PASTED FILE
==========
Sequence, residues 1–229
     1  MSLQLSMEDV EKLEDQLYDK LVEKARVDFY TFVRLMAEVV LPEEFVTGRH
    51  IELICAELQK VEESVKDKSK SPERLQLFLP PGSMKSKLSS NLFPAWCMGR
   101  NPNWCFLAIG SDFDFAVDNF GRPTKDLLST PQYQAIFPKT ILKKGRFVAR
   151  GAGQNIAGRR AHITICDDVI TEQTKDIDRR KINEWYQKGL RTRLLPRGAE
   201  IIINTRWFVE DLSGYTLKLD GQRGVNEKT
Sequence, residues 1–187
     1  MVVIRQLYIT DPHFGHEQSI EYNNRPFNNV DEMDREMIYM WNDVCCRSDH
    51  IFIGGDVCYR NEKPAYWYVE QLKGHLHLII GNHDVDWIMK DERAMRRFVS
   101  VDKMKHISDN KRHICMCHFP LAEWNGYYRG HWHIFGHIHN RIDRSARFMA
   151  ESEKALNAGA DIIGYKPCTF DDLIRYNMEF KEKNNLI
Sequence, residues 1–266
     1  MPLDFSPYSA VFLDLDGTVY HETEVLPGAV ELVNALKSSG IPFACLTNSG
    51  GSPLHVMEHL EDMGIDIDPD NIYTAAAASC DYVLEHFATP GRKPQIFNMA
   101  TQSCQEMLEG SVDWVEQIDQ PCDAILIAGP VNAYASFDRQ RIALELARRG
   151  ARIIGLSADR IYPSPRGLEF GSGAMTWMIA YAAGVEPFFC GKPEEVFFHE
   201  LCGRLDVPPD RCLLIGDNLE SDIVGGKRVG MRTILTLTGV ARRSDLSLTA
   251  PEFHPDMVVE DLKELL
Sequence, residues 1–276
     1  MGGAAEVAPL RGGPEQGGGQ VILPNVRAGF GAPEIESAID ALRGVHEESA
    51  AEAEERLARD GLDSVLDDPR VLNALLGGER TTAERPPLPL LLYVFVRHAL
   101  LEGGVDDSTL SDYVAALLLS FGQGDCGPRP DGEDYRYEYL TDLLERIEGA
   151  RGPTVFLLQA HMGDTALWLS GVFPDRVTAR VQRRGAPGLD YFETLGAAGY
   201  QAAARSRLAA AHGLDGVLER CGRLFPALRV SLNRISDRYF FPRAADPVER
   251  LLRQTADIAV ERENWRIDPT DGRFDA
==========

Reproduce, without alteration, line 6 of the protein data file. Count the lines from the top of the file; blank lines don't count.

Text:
   201  IIINTRWFVE DLSGYTLKLD GQRGVNEKT